Home | Access to Information | What are the principles of the right to access information

What are the principles of the right to access information


   What does it mean?

  How is it applied in Kenya’s ATI Act?

1. Maximum Disclosure

  • Information should be disclosed to the widest extent possible, subject only to very few restrictions.
  • Access to information should be applicable to all public bodies without exception. In some jurisdictions, ATI also applies to some private bodies.
  • When deciding whether to release information to a person seeking access, decision makers should always proceed from a presumption in favour of disclosure in order to promote a ‘culture of openness’, based on the public’s right to know.
  • An individual requesting access should not have to demonstrate any particular interest in the information or explain their reasons for the information request. This is a very important aspect of this principle.
  • Kenya’s ATI law applies to citizens only, where a citizen is defined as a person who has Kenyan citizenship, or a private institution like a company that is controlled by one or more citizens.
  • According to international best practice, everyone should benefit from the right to information, not only a country’s citizens.

2. Duty to Publish

(Proactive Disclosure)

  • Under this principle, the public bodies are obliged to generate timely and quality information, and proactively disseminate it for broader access by citizens.
  • This includes the regular publication and dissemination of key information and documents in a manner that is easily accessible to the public, even without requests.
  • The benefit is that the more information routinely published, the less need for citizens will need to make request for information applications, therefore saving time and money.
  • New technologies make it easier to publish and disseminate information, for example, a County Government’s website.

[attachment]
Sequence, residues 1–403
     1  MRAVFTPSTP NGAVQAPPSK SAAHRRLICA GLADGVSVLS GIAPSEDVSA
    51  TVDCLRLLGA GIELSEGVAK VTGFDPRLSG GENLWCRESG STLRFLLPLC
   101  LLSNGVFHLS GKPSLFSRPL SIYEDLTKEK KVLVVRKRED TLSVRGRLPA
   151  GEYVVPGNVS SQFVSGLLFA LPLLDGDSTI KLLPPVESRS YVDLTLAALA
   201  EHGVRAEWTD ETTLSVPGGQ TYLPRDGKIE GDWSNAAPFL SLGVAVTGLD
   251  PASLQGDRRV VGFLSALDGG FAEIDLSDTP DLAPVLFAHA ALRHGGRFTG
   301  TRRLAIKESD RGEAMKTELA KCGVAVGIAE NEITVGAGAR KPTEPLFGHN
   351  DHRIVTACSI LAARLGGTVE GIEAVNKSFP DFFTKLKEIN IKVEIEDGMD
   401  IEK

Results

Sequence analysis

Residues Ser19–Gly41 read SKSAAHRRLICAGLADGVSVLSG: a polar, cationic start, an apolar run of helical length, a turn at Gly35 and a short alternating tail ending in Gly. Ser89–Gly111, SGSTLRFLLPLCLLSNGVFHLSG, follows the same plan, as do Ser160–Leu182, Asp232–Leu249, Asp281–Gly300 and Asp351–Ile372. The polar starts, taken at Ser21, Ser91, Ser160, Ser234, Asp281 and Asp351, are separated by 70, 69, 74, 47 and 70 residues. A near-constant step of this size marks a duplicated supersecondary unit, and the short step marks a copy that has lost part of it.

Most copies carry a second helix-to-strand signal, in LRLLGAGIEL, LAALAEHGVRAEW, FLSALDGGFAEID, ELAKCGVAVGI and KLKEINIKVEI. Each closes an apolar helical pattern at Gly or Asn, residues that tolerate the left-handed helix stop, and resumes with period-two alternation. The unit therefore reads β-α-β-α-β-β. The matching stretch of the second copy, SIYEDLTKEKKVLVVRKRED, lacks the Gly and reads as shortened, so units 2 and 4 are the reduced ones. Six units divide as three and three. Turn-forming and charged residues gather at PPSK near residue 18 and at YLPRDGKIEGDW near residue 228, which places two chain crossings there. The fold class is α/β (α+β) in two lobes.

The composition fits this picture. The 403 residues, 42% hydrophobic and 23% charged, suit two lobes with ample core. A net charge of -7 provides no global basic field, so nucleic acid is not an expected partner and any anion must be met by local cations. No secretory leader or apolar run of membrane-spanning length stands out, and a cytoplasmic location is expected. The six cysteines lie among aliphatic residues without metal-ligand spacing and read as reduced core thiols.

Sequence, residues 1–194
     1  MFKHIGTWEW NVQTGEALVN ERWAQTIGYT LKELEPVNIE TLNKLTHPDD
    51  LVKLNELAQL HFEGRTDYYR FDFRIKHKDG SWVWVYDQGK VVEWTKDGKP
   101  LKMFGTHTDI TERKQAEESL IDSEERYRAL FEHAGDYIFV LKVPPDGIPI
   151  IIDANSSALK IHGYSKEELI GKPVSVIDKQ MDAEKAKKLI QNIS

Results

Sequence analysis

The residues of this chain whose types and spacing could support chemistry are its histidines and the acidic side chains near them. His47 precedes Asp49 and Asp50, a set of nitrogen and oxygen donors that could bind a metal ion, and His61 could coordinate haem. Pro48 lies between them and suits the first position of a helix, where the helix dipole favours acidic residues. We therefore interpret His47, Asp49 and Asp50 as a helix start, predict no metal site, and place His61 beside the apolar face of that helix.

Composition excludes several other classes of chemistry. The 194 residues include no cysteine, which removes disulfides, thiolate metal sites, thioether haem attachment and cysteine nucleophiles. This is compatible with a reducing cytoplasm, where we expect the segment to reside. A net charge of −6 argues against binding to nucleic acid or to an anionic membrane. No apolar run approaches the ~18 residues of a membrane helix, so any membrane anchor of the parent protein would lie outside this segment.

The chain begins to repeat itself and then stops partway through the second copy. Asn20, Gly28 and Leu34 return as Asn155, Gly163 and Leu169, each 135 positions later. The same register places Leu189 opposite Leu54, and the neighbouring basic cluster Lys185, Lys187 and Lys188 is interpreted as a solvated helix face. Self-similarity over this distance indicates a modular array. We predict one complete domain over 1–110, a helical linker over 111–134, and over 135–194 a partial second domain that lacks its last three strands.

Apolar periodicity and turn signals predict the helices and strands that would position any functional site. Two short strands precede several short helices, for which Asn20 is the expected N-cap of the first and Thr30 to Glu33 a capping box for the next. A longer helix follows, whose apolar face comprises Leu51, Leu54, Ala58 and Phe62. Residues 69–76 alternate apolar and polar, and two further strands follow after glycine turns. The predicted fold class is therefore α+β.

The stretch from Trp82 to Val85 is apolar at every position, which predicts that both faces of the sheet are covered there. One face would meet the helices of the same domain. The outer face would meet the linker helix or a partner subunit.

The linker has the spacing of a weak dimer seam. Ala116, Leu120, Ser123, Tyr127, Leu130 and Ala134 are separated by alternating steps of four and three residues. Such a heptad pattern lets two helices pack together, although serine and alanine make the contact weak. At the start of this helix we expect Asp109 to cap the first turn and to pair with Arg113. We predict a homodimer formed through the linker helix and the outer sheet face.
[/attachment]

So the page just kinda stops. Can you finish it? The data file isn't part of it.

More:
Section 5 of Kenya’s ATI Act provides for proactive disclosure and obliges public entities to facilitate access to information held by such entities, including:

(i) the particulars of its organization, functions and duties.

(ii) the powers and duties of its officers and employees.

(iii) the procedure followed in the decision-making process, including channels of supervision and accountability.

(iv) salary scales of its officers by grade.

(v) the norms set by it for the discharge of its functions.

(vi) guidelines used by the entity in its dealings with the public or with corporate bodies.

(vii) a guide sufficient to enable any person wishing to apply for information under this Act to identify the classes of information held by it, the subjects to which they relate, the location of any indexes to be inspected by any person.

This information was recently highlighted in the following Circular: CAJ CIRCULAR NO.1 OF 2019 ACCESS TO INFORMATION



3. Processes to Facilitate Access


  •  Requests for Information should be processed rapidly and fairly, and independent review of refusals should be available.
  • This requires that simple, clear procedures be established to guide how public bodies deal with requests and how citizens can access information.

Part III of the ATI Act makes provision for processes to access information including:

Section 7. Designation of information access officer

Section 8. Application for access

Section 9. Processing of application

Section 10. Transfer of application

Section 11. Providing access to information

Section 12. Fees

Section 13. Correction of information

4. Costs

  •  Individuals should not be deterred from making requests for information by excessive costs.
  • If costs are excessive, they will pose a barrier to access, and hence undermine the right.
  • On the other hand, provision of information does have a cost implication on public bodies which has to be recouped.
  • Preferably, costs should only be charged where there is a request for large amounts of documents, or for complex requests.
  • Public entities can reduce the cost of public access by publishing information online, especially information that is routinely sought by the public.

Section 12 of the ATI Act requires that:

(1) No fee may be levied in relation to the submission of an application.

(2) A public entity or private body from which an application for access to information has been made may charge a prescribed fee for the provision of the information and the fee shall not exceed the actual costs of making copies of such information and if applicable, supplying them to the applicant.

(3) Subject to subsection (2), the Cabinet Secretary shall make regulations prescribing the fees payable for expenses incurred in providing information to an applicant.

5. Right of Appeal